This year is undoubtedly the year of the anniversaries of many games. For example, Zelda is celebrating its 35th anniversary on screen, Sonic is turning 30, and Pokémon is celebrating its 25th anniversary. Well, another anniversary that might be overshadowed a bit by these giants is Harvest Moon. This farm simulator debuted on the SNES in 1996, and we can still appreciate the impact it had on the gaming world in titles like Stardew Walley and Animal Crossing that have followed suit. On the occasion of its 25th anniversary, Natsume has published the new title Harvest Moon: A Unique World. This new episode aims to revive the series and is therefore committed to research. However, will this new installment manage to divert Harvest Moon from the brush and stubble path it has followed in recent years?
Well, right after creating your character, you find yourself in a pretty depressing world where potatoes are the only source of food and the rest of the vegetables are only found in books. Come on, now your village is nothing more than a shadow of what it used to be, because long ago it was blessed by a mysterious deity known as the Harvest Goddess, and the land was full of delicious vegetables. Now, however, the goddess of harvest has disappeared and the situation is devastating. In this story, your mission will be to revive the harvest goddess and try to make the world back to what it was before people lost respect for nature.
A Unique World’s launch momentum is based on two fundamental factors. First, the social factor: interact with the villagers and do the tasks they send you. Second, the agricultural factor: expanding and maintaining your farmland. As the story progresses, you will find that these two factors are intertwined as you need to make certain products to help the villagers with the various problems they face. One thing I really liked about this title is that you can complete the story at your own pace, with complete freedom to farm, expand your farmland, and even do chores whenever you want.
Another aspect that I really liked from the start was how easy it is to grow. Now all you have to do is select the area of the field you want to work in and press the A button (on the switch). The game will automatically take whatever action is required at that moment, either planting a seed, water ing the plants, or adding fertilizer. The same thing happens when you dig in the mine or when you want to cut a tree. This time, you don’t have to search the menus to select the tool you want, but it will appear automatically.
As you may have guessed, Un Mundo Único offers us a different approach to agriculture. If we are to get seeds in this new edition, we must explore the world. That means we can no longer buy them on another farm, but we will earn them by interacting with the harvest elves scattered around the map. These goblins are always in the same place and give you one seed a day, which personally doesn’t convince me. Let’s see it’s true that the gameplay is a bit animated this way, but I’ve missed the convenience of being able to buy seeds by going to one place. Also, a lot of the routes in the game are boring and boring, so I didn’t feel like taking them again.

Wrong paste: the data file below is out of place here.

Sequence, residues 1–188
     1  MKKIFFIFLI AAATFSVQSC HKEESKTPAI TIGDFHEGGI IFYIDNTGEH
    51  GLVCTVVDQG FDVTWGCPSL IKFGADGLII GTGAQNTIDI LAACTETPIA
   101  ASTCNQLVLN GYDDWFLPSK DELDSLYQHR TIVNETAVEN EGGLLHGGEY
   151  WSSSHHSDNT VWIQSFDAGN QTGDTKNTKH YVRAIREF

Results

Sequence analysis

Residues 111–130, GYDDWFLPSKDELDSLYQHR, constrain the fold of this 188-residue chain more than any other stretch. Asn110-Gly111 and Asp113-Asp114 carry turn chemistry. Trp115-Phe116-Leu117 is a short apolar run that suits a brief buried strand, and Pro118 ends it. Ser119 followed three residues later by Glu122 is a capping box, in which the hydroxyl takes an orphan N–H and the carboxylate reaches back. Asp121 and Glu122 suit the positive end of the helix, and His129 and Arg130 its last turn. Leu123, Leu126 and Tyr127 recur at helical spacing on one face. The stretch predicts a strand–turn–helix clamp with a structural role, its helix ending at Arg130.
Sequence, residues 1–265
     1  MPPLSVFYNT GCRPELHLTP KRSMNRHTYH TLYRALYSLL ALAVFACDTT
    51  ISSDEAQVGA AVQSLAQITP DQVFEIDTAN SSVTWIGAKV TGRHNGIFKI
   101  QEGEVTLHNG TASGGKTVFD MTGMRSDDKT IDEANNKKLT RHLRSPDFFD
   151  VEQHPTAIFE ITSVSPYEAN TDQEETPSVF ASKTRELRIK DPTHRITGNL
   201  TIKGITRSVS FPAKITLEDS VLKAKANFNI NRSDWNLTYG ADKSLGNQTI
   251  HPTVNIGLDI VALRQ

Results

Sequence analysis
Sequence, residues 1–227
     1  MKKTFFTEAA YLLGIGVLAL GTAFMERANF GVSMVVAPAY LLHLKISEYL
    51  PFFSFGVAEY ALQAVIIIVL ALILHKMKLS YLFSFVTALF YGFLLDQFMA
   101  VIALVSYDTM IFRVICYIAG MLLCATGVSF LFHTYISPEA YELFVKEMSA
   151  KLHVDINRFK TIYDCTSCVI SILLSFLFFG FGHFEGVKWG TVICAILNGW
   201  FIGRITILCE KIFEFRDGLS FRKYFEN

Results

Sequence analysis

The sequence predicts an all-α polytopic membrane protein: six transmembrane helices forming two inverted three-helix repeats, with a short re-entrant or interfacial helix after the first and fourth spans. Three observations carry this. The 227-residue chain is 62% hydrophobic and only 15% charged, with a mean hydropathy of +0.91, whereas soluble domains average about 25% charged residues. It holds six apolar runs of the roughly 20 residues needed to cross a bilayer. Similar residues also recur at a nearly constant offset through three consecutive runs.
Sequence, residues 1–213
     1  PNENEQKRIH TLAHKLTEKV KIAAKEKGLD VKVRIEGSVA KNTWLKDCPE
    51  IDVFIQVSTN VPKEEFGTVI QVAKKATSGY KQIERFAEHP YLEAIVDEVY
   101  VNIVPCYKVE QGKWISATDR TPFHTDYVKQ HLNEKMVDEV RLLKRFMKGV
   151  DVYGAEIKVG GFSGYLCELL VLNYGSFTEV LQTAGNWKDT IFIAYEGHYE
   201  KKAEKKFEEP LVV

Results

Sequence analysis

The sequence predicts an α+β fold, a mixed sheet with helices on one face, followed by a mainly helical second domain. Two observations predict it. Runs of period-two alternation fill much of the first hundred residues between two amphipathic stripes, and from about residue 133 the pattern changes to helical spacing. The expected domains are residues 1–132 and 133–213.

Another interesting aspect of agriculture is that the plants change depending on the time of year and the environment in which they are planted. There are five different regions on the map, and each has their own climate, fauna, flora, and even their own neighbors. In addition, we can always relocate our farm to any of these regions as it is a portable farm. Back to mutations: a watermelon that grows in the sand on the beach is yellow, and a white berry that grows in a snowy terrain becomes a magical berry. Anyway, that was pretty cool as I was wondering where it was best for me to plant certain plants and it was fun to experiment and see what results I could get.
However, what I think screwed up the experience were some bad design decisions. Apparently, there isn’t an option to throw items away, and you can’t even swap items in your inventory for on-site items. Also, walking at the same rate as you cut a tree and then harvest in that field will wear out your resistance. I think we all agree that if you’ve been doing things for a long time it makes sense for your stamina to wear off, but what doesn’t make sense is for it to go as quickly and with little effort as it happens in this game in which long journeys between different zones seemed almost impossible to me unless I replenished my supply.
As for the visual finish, we can say that it is not very refined and its quality is similar to that of other lower caliber productions. Many of the regions you enter feel completely uninhabited (even some houses are completely empty) and there is nothing that distinguishes the routes that connect one and the other other than a simple change of shades. On the other hand, dialogue sequences are also a bit confusing as your character’s body often appears in the background, caught in a running animation or looking away.
Some of the ideas that went into One World may be good, but the execution is lousy and lacks a lot of polish. In short, it doesn’t match other titles we’ve seen on this series. Of course, I liked how easy it is to cultivate, and how hard the studio went to include exploration as a basic element of gameplay, despite having its shortcomings. However, I found some design decisions to be quite questionable and the graphical interface could have been significantly improved. Anyway, hopefully the developers can refine some of the ideas they experimentally incorporated into this game for future releases. Let them grow so we can reap better games.